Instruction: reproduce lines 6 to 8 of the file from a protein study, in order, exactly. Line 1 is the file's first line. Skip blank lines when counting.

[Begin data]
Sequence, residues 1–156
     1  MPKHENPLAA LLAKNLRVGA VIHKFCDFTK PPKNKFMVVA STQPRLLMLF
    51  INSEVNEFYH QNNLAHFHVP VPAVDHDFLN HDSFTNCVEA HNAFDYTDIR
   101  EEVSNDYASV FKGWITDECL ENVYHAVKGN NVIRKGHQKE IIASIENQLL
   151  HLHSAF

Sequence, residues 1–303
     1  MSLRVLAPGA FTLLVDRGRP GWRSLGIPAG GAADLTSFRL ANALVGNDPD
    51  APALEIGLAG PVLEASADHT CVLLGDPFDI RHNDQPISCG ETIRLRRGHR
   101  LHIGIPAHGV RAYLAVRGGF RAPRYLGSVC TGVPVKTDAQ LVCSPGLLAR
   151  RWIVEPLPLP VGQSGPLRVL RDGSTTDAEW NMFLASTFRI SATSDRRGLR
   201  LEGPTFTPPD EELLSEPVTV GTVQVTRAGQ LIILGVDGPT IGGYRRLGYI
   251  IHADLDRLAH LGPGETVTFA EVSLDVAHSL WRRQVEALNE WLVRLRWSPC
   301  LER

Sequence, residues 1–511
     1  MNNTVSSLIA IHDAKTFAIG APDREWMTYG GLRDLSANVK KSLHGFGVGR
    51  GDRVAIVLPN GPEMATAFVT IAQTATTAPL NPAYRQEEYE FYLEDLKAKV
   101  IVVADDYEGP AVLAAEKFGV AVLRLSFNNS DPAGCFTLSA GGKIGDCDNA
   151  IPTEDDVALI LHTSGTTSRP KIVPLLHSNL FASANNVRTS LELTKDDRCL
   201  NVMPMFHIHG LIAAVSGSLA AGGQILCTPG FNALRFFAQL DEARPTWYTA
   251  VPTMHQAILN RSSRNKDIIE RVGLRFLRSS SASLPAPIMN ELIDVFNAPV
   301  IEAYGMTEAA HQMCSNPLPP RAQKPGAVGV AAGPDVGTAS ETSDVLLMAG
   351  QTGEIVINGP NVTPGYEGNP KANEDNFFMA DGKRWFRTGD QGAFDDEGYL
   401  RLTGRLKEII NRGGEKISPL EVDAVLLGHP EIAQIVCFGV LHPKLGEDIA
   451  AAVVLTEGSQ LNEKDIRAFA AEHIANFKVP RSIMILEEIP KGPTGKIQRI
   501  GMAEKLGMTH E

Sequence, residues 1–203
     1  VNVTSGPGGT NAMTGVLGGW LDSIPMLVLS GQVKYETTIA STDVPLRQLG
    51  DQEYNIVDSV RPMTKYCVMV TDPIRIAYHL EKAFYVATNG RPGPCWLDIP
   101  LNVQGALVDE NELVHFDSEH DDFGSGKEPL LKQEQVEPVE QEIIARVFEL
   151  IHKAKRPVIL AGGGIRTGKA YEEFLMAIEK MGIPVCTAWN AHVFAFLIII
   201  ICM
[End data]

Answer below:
Sequence, residues 1–303
     1  MSLRVLAPGA FTLLVDRGRP GWRSLGIPAG GAADLTSFRL ANALVGNDPD
    51  APALEIGLAG PVLEASADHT CVLLGDPFDI RHNDQPISCG ETIRLRRGHR